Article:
Amazon is exploring an entirely new hybrid grocery store design, which will look to offer a “mixed format shopping” experience separate from Whole Foods and Amazon Go.
According to a report in the New York Times, the online retail giant has been toying with the idea of an innovative new grocery format since 2017, before it bought Whole Foods.
In 2017 a memo titled “Grocery Shopping for Everyone” was being circulated among its staff members, laying out its ambitious vision for the new store and making it clear for the first time that Amazon was keen to enter the physical grocery market.
Framed as a faux news release, including quotes from a fictional grocery expert called Hal Apenyo, the memo proposed a store in which one floor would contain fresh food, produce and prepared meals.
On a separate floor not accessible to customers, non-perishable items would be stored. While shoppers were selecting their fresh produce they could order non-perishables from an app which would be bought down in time for checkout.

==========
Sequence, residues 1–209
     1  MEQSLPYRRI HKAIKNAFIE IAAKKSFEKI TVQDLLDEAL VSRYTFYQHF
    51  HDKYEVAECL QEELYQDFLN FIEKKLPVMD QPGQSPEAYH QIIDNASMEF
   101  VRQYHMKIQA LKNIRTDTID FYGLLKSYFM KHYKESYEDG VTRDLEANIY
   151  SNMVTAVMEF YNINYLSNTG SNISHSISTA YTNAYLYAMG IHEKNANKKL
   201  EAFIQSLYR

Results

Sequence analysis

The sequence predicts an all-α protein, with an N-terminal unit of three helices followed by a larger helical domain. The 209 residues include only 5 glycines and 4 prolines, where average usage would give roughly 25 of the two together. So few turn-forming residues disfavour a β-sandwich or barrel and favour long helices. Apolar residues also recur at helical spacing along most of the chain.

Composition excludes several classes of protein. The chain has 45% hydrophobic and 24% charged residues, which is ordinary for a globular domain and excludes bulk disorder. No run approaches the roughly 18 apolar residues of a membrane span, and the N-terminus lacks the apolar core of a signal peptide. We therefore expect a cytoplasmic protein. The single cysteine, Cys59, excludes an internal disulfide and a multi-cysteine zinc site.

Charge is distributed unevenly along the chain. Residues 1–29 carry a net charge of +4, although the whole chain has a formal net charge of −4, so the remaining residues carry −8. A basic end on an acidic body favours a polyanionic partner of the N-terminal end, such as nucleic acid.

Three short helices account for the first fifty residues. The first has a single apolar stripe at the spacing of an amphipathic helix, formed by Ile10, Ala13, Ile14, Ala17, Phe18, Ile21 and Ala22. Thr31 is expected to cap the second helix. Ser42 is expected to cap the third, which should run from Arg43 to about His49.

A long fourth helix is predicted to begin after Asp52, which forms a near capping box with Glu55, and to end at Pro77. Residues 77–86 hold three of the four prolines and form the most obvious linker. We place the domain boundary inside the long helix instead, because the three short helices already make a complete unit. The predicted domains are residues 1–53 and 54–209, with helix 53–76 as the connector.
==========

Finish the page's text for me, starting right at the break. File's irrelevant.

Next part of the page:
This format, designed to be as scalable as possible, would also include an area where shoppers could pick up online orders and manage packages.
This plan was reportedly placed on the backburner after purchased Whole Foods for $13.4 million, just months after the memo began circulating.
Having cut its teeth in physical grocery sales, Amazon is now understood to be quietly exploring a new grocery chain once again that is not far removed from its original vision.
A new slightly updated version of the memo is now reportedly circulating among Amazon employees, planning to design stores specifically with pickup and delivery in mind, with a smaller area dedicated to fresh produce.
Adding further fuel to speculation it could be exploring a new format, a recent job posting required a store designer for “an exciting new team”, who was interested in “creating multiple customer experiences under one roof”.